What is Blockchain Technology and How Does It Work?

Krunal Shah

Apr 04, 2022

9 min readLast Updated Apr 22, 2022

Blockchain technologies were first explained by the research scientists Stuart Haber and W. Scott Stornetta in 1991. While it existed since then, it’s in the last few years that blockchain technologies came into the spotlight across the continents.

Blockchain technology mainly originated with the requirement for time-stamping digital documents to prevent them from getting tampered or backdated. However, with time it evolved to become a more widely-adopted solution in this digital world. Not only has it emerged as a whole new sector but it also holds high market potential that is worth investing in. The global blockchain was worth $1.57 billion in 2018 and is forecast to grow to $163 billion by 2027 which is 100 times more compared to its 2018 benchmark. But, what’s the deal? Why are blockchain technologies so popular? Or, to start with, what is blockchain technology? Many people don’t have a clear idea of what a blockchain is. So, in this blog, we will give you an in-depth overview of what blockchain technology is and how it works.

What is Blockchain?

Blockchain is one of the most talked-about subjects practically everywhere. Many key advances and changes in financial technologies, such as blockchain, have been noticed since the beginning of the twenty-first century. It is critical to understand what it really signifies and represents in today's global economy.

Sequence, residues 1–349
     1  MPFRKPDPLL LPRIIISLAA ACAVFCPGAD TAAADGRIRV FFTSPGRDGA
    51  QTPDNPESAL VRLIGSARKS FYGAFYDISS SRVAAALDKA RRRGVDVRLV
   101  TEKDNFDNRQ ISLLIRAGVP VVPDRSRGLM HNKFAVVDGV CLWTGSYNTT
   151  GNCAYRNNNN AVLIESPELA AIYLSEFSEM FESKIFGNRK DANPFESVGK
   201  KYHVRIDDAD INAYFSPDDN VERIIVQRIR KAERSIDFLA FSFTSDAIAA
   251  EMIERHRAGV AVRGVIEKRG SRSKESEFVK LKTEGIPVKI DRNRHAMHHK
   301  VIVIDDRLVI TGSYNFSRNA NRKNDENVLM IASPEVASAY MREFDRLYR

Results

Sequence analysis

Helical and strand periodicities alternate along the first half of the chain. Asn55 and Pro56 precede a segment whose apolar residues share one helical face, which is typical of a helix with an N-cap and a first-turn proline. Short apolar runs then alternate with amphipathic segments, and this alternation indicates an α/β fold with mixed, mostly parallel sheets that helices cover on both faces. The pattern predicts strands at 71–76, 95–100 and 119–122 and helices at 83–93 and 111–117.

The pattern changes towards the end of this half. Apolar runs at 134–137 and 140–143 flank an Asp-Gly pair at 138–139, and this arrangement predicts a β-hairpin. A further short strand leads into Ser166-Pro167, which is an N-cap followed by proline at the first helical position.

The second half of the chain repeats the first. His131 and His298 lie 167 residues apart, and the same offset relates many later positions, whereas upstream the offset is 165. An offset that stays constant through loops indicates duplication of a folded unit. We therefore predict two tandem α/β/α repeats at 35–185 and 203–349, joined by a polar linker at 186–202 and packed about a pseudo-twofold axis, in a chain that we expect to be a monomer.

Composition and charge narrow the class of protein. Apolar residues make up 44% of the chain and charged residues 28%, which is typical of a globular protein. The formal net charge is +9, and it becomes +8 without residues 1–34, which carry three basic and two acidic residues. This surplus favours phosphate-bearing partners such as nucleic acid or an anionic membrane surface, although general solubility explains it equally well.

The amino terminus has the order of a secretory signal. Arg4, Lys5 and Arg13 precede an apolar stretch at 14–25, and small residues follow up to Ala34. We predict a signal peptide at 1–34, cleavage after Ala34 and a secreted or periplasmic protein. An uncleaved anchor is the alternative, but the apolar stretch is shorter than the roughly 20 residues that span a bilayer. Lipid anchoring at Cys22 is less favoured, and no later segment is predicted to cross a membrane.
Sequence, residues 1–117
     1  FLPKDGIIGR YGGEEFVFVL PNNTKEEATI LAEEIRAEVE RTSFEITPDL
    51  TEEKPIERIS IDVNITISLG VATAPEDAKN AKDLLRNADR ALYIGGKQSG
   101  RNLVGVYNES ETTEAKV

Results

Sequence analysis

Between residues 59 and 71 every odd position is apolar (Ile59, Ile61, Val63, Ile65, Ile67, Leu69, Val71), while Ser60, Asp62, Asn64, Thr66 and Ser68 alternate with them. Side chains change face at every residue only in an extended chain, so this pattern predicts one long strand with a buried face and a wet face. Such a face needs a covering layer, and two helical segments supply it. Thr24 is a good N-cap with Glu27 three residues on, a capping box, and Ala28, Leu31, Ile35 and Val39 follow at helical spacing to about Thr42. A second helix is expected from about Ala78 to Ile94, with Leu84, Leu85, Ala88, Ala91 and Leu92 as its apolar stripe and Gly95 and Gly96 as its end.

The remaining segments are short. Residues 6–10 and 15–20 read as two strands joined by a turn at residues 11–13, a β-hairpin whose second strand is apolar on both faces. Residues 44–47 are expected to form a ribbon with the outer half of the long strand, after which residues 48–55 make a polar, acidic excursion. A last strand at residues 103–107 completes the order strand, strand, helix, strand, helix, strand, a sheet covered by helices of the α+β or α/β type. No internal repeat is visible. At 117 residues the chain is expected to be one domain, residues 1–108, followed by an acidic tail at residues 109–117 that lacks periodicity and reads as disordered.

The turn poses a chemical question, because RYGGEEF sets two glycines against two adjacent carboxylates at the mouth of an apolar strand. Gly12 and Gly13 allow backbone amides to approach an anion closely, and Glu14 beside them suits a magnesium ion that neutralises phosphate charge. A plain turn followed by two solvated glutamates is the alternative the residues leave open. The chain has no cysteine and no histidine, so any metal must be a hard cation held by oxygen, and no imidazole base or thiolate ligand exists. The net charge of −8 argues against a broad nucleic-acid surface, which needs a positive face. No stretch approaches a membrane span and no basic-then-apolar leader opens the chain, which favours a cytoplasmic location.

The primary technological enablers of recent breakthroughs in distributed transaction and ledger systems are blockchain technology and distributed database technologies. These technologies result in the opening of new doors for open source prospects, particularly new sorts of digital platforms and services. We can describe open source as any programme whose source code is made publicly available, and open source software is typically produced as a collaborative effort and distributed for free.

The most significant blockchain applications would necessitate close collaboration among developers, incumbents, innovators, and regulators, which will add complexity and postpone adoption. The term "blockchain environment" refers to a completely distributed system for cryptographically collecting and preserving an immutable, consistent, and linear transaction log between networked participants. It's akin to a distributed ledger, which is kept, updated, but not deleted, and validated by all parties involved in a network's transactions. Blockchain technology is currently attracting a lot of attention from academics and the general public. Its goal is to lay the groundwork for completely trustworthy economic transactions.

In most cases, blockchain systems can not only conduct monetary transactions, but also ensure that they follow programmable rules in the form of "smart contracts." The blockchain, the distributed ledger that underpins the well-known cryptocurrency Bitcoin, has far-reaching ramifications for a wide range of sectors. The introduction of Bitcoin and the blockchain has ushered in a sea change in the financial sector. It is also a type of financial instrument that has the potential to play a significant role in the global economy's long-term development. Blockchain technology has the potential to change the way businesses are conducted. It has an impact on a variety of industries, including finance, manufacturing, and education.